A survey undertaken by Northern Kentucky manufacturers two years ago found about 700 high-paying manufacturing jobs were annually going unfilled. In large part, Jordan says, it’s because of misperceptions by students, parents and guidance counselors about the skills, pay and careers available in today’s manufacturing.

Urbanik says if you project the Northern Kentucky manufacturer’s survey across the entire region, the number of unfilled jobs approaches 18,000 over the next decade.

She says Cincinnati manufacturers are hoping to introduce the student manufacturing ambassador’s program north of the Ohio River and are developing a new web-based marketing program to draw attention to manufacturing’s career potential.

Smith, a former director of IT at Procter & Gamble Co. who is serving as interim director of the Partners for a Competitive Workforce’s IT pathway effort, says a collaborative composed of the deans and department chairs of IT programs at all area colleges has come together to attack the problem of marketing IT careers on a bigger scale than in the past.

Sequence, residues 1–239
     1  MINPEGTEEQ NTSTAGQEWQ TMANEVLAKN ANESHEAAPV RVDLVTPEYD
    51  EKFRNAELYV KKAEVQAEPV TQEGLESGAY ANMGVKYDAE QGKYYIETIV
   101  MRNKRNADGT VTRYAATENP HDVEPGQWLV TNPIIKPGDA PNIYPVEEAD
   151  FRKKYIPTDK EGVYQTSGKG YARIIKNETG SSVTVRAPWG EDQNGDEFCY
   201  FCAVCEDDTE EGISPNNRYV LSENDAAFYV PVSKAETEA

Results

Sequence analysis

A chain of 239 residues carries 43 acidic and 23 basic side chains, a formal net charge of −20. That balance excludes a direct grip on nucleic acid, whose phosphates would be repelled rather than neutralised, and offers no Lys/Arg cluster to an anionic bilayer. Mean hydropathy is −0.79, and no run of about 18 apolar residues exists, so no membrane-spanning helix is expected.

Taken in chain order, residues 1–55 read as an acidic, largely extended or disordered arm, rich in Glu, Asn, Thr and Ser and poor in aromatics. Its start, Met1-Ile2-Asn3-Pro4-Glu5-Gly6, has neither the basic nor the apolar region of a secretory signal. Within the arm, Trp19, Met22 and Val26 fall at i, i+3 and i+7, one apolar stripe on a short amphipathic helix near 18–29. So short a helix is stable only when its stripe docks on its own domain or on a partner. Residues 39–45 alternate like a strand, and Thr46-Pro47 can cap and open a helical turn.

They’re developing a professional marketing campaign using brochures and other media to highlight the local job growth potential of IT careers. One of the first brochures aimed at students entitled “Why I.T.” features pictures and comments from local professionals who chose IT careers, some of the specific career paths and a “who’s who” of local employers.

Even more important than marketing, he says, is a stepped up effort to develop more paid internships at leading local companies for local high school students.